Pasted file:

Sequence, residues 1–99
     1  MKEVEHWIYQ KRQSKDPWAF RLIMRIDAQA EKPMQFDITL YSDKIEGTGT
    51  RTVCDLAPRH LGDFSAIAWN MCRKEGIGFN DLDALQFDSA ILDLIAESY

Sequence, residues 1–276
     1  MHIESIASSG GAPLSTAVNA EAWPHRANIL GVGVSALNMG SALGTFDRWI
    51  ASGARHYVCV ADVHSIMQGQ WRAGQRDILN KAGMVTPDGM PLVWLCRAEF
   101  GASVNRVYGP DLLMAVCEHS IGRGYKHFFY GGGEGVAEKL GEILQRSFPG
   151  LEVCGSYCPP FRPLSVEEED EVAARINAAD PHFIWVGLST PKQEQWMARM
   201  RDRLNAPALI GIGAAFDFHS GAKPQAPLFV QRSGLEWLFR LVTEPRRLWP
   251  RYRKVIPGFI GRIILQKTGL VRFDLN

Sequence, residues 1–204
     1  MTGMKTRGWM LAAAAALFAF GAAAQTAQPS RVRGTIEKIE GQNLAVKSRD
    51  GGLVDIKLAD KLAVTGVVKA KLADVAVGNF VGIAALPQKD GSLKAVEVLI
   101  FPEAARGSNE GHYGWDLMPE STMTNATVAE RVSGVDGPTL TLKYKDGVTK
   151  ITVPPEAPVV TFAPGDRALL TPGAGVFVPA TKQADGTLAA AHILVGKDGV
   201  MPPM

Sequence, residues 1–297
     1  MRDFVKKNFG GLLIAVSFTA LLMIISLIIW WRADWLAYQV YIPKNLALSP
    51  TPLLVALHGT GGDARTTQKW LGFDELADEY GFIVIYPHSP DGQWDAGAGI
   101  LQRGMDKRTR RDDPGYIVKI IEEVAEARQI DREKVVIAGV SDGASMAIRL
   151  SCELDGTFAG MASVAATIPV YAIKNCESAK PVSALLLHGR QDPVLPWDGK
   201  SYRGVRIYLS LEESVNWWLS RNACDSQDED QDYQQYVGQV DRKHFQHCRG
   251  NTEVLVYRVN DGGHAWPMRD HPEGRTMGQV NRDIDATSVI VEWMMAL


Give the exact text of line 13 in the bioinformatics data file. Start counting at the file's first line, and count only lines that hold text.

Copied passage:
    51  GGLVDIKLAD KLAVTGVVKA KLADVAVGNF VGIAALPQKD GSLKAVEVLI